Reply to D. Marshall

David left a long and very thoughtful comment to a post from a few days ago on Derrida. Go check out the comment.

In that comment he leaves this question for me:

I would like to know, however–because I am not a student of Derrida and have read very little of his work–just what he offers that your average pluralist does not. What makes Derrida unique? How might integral use Derrida? How do you use Derrida? Could you give an example or two? Also, if there are any particularly useful books or articles by Derrida I would appreciate knowing what they are. I don’t have much time to spend on him (the shorter they are the better), but I feel there may be something important there, and I would like to understand it better.

As far as a short introduction, I recommend Gregory Desilet’s eulogy for Derrida. The link is here. Desilet brings out that the core element for Derrida is that division is inherent to being, at its very heart. There are particularly reasons for this given his understanding of grammar, linguistic structures, and epistemology. The application of this insight to texts is known as deconstruction (or perhaps better termed deconstruction/reconstruction). All of which is more the details, fine points, but the main essential point is division/otherness (differenace).

Desilet writes:

This potential for endless fracturing of the text opens the door to the “deconstruction” of the text—the uncovering of new and perhaps unexpected interpretations. These interpretations nevertheless require, contrary to what some critics of deconstruction’s relativistic slant have suggested, rigorous justification, evidence, and argument in their presentation.

It’s certainly true that there are a lot of bad deconstructors who are in fact not following rigorously the methods, nor would pass muster of this particular knowledge community (the craft in MacIntyre’s terminology). And Desilet is correct that the canons of deconstructions are fairly rigorous, However, and this is where Desilet and I would part company (I think), there is no larger evaluative tool to distinguish between gradations of better/worse even among those that have properly followed the rules, i.e passed the muster. In that regard something like a stage conception of development is necessary as a way of grounding such (necessary) distinctions.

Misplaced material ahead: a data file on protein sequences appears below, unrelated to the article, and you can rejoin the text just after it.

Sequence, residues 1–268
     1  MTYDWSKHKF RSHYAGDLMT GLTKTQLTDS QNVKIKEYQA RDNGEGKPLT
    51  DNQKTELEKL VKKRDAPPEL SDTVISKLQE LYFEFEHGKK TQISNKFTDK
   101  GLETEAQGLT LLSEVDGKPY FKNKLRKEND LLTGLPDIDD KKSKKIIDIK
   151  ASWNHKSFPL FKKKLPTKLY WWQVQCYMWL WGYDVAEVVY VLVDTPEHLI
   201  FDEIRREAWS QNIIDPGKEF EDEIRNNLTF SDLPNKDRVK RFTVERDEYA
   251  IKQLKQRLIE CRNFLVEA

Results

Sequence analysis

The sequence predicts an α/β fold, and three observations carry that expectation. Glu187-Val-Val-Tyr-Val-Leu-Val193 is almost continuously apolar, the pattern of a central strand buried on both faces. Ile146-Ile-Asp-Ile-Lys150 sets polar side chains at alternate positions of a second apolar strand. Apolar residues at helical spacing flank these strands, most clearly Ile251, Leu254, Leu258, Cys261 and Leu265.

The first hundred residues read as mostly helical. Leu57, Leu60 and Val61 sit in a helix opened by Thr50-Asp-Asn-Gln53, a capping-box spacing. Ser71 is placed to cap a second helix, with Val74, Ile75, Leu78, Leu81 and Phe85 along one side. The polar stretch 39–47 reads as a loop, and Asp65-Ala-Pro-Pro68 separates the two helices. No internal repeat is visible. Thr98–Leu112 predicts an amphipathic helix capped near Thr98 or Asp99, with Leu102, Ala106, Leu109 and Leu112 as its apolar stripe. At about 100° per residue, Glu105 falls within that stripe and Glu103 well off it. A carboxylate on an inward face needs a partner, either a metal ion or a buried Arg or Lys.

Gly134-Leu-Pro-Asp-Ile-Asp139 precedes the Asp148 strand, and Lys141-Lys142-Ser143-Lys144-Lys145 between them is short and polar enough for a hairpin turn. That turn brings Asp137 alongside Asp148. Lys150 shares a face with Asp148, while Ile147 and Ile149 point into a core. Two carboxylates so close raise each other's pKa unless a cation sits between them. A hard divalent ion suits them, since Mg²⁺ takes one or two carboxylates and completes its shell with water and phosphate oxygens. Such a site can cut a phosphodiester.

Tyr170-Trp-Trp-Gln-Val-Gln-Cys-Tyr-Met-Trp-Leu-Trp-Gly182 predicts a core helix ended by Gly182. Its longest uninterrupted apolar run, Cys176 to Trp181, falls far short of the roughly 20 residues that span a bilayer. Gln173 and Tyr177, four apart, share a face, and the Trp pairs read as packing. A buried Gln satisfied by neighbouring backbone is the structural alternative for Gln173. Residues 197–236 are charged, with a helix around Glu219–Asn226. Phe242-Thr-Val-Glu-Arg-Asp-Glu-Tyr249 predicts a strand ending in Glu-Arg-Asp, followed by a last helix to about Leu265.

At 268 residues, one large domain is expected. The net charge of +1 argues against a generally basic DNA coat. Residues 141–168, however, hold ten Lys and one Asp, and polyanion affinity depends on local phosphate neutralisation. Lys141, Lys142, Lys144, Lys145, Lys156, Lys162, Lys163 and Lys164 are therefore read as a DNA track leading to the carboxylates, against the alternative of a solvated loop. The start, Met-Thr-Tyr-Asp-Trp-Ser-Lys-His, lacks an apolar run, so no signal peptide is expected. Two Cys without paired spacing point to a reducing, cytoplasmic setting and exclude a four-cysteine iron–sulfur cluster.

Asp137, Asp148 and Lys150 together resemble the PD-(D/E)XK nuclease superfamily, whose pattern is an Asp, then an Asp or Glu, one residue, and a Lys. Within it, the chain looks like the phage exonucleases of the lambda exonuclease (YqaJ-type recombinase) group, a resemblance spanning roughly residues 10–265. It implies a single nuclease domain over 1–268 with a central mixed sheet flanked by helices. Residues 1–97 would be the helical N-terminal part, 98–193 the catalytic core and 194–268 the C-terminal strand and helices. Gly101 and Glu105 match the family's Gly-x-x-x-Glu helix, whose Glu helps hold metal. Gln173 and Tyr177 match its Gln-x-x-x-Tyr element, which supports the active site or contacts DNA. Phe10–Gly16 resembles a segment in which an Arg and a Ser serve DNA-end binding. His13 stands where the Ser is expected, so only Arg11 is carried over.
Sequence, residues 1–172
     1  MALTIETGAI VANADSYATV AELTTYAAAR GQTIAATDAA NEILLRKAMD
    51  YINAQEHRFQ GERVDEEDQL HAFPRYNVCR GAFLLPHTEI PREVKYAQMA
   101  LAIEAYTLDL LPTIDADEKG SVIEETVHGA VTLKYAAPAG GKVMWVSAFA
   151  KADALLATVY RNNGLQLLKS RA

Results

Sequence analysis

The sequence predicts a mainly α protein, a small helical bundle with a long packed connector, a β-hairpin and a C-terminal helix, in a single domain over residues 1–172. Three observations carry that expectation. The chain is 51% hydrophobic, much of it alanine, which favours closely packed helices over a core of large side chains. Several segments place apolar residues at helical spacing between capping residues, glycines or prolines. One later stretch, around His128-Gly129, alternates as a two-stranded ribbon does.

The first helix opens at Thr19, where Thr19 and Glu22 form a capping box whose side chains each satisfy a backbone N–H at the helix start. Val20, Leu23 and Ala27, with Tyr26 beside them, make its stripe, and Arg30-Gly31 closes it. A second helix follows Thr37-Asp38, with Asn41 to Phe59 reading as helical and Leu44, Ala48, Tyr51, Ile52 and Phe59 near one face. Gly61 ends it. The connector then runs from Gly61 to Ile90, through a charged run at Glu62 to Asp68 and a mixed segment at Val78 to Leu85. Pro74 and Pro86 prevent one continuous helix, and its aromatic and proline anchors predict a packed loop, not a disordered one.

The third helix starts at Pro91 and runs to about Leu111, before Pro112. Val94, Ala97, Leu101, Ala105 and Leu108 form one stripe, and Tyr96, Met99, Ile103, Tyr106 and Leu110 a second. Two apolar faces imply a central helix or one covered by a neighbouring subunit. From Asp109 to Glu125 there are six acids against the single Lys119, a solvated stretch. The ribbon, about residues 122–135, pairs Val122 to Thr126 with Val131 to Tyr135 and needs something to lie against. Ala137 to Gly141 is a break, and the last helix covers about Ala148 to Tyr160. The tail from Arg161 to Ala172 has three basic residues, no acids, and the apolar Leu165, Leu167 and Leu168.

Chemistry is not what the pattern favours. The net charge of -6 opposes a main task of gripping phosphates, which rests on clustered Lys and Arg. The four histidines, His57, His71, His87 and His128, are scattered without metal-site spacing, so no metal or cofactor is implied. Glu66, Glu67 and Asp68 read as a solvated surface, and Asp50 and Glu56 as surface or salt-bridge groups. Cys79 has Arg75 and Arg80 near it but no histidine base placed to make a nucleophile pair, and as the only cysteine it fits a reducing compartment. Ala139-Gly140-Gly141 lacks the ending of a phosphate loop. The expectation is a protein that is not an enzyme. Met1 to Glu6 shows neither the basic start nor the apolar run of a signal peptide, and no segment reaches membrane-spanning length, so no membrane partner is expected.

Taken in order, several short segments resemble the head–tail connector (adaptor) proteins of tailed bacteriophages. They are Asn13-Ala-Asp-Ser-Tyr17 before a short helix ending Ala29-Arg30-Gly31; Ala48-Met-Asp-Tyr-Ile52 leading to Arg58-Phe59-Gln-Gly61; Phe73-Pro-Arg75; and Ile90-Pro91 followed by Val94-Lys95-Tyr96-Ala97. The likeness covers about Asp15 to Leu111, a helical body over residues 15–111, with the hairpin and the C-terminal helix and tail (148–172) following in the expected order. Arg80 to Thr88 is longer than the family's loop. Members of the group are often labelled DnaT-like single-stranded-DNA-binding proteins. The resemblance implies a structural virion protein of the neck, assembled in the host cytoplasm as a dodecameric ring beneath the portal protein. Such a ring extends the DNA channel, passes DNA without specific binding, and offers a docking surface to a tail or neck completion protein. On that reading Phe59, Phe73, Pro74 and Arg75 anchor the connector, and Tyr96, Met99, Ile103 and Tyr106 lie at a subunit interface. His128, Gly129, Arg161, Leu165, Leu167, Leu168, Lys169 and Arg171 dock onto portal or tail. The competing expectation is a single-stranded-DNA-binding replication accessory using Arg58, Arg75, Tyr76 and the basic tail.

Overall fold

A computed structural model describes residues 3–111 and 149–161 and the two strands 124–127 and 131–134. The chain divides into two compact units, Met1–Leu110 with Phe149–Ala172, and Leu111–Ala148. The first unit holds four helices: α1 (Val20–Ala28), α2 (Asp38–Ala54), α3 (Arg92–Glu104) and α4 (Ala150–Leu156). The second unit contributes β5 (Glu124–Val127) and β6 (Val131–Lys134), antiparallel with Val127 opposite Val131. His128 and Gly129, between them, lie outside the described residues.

That being said, it is worth experiencing the space of the infinite iteration of all texts/interpretations. That is, in a larger sense, to feel the space of the “other side”, of “division.” Within oneself, one’s community, communication, and so on.

It can be powerful voodoo to some (at first), but in the end it’s just one among a million different dimensions of existence/spaces in the Kosmos. Absolutized–i.e. taking it as the de facto final point of development, the terminus/Omega Point–is highly problematic.

As a practical example of what I mean, Derrida’s of notion of nonviolent (this is a major starting poit for Desilet’s own writings).

Desilet writes:

If Derrida is right, a fundamental—but not passively embracing or uncritical— affirmation of the intrusions of difference may become the essential step in achieving nonviolent diverse community. By acknowledging the necessary presence of the other as an essential part of ourselves and as an inescapable element of difference and variation in our modes of communication, it becomes much more difficult to radically exclude, negate, or violently eliminate the other in our communities.